Former United Nations (UN) Women Malawi country director Alice Shackelford sounded jubilant when she twitted “Fantastic! The first Malawi female Speaker of the House Hon. Catherine Gotani Hara! And Hon. Aisha Mambo as Second Deputy Speaker! Gender equality, change and leadership!”
The current UN Women country director Clara Anyangwe responded: “Hey @aliceshackel, you laid a great foundation for @unwomenmalawi. You started the office from scratch!
The path to such wins are usually long, they are winding, and often with a lot of machinations in the background. I trust you will excuse women in Malawi and beyond, if the celebratory dust refuses to settle down.
In July 2010, the United Nations General Assembly (UNGA) created UN Women, the UN entity for gender equality and the empowerment of women, to address gender imbalance challenges both at the UN headquarters and the world.
In establishing UN Women, “UN Member States took an historic step in accelerating the organisation’s goals on gender equality and the empowerment of women.
Created in the process of the UN reform agenda, the new entity brought together resources and mandates for greater impact focusing exclusively on gender equality and women’s empowerment.
This was a two-year long process in which Ambassador Steve Matenje impressed upon me as the Social Development and Human Rights Expert at the Malawi Mission to the UN, should attend all the meetings. I attended these twice-weekly lunch time meetings of like-minded member States augmented by gender non-governmental organisations (NGOs) accredited to the UN.
The original mandate was to set up offices in each UN member State. However, funding was a stumbling block to the ambitious plan. Thus while sitting in a UN Women Executive Board meeting in June 2012 (where I’d just been approved as the 2013 executive board vice-resident, representing Africa region), I noticed Malawi was not one of the countries targeted for an office in the Africa region. So, I sent a text message to my Ambassador/permanent representative Brian Bowler to inform him that I would speak on Malawi’s behalf to ask for a reconsideration.
His response was “Go ahead, you have my full support;” he quickly sent another text “please keep Dr. Mary Shaba at Gender Ministry, informed.”
When I raised my plaque requesting to speak I said on behalf of Malawi:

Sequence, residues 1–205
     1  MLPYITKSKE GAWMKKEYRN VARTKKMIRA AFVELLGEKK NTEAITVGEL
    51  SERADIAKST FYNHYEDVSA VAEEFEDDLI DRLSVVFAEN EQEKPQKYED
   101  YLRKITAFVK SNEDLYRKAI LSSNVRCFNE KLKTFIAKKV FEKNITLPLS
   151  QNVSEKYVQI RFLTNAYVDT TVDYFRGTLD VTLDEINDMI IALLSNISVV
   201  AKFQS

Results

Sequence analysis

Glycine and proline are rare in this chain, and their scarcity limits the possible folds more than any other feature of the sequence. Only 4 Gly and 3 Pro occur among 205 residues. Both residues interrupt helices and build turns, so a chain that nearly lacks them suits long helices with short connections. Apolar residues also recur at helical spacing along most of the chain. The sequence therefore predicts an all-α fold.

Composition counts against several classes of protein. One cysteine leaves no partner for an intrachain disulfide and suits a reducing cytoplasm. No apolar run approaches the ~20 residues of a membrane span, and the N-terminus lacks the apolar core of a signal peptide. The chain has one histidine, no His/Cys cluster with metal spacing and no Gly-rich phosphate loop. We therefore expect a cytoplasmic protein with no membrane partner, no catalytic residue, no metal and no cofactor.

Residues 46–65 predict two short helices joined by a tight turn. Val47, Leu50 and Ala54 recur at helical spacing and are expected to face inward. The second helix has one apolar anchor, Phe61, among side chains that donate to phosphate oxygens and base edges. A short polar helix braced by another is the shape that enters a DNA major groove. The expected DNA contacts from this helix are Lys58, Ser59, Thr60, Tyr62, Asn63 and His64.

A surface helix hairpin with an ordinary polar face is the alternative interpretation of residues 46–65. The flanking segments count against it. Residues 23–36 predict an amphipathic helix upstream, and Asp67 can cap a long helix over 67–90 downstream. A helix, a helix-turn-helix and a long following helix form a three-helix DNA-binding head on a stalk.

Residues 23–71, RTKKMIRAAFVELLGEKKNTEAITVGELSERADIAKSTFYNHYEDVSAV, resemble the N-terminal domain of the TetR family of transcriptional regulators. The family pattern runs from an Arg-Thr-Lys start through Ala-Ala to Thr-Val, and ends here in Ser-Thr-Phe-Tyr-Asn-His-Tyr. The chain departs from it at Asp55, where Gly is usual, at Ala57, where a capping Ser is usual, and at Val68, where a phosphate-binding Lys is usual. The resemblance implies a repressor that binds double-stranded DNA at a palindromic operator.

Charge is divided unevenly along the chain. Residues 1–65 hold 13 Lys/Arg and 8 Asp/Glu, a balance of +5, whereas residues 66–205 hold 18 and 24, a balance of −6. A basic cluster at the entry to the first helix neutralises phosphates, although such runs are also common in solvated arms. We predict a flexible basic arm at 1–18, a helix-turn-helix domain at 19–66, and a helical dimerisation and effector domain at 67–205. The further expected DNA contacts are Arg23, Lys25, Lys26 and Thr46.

“I note with concern that the footprint outlay for UN Women does not include my country Malawi. I wish to bring to the attention of the executive board that when he attended the January 2012 African Union Summit, then chairman and Malawi President Bingu wa Mutharika met with the leadership of UN Women. He impressed upon her the arduous task facing Malawi in relation to gender equality. And the leadership agreed that UN Women would set an office and would endeavour to help Malawi with the challenges it faces in gender equality.
“I wish to inform this Board that sadly for Malawi, we lost our President on April 5, this year due to a heart attack [May God rest his soul in peace]; however, Malawi now has its first woman President Dr. Joyce Banda. I wish to let the board know and appreciate that apart from inheriting the challenges of Denver inequality, these may escalate for our new President.
“Could the UN Board please reconsider its decision on the Africa roadmap to also include Malawi. Please help your fellow woman by opening an office in Malawi?”
The UN Women management team, made of executive director (former Chile President) Michele Bachelet, deputy executive director (operations) Laksmir Puri, and deputy executive director (administration) John Hendra, conferred and came back with music to my ears.
“Management has considered the request from the Malawi delegate, we are pleased to inform that UN Women will establish an office in Malawi,” Bachelet informed the board.
Later, Madame Bachelet came back with a “Please let your government know that UN Women office would be opened by the end of this year .”
With Alice Shackelford in Malawi as country director, UN Women offices officially opened and set up for its work in September 2012.
It is fitting and proper that the first UN Women Malawi country director dances for the election of Malawi’s first female Speaker of Parliament, coupled in the same vote with Aisha Adams as Second Deputy Speaker. I
There is a sure win-win when women support women, women elect women, and women work with women. n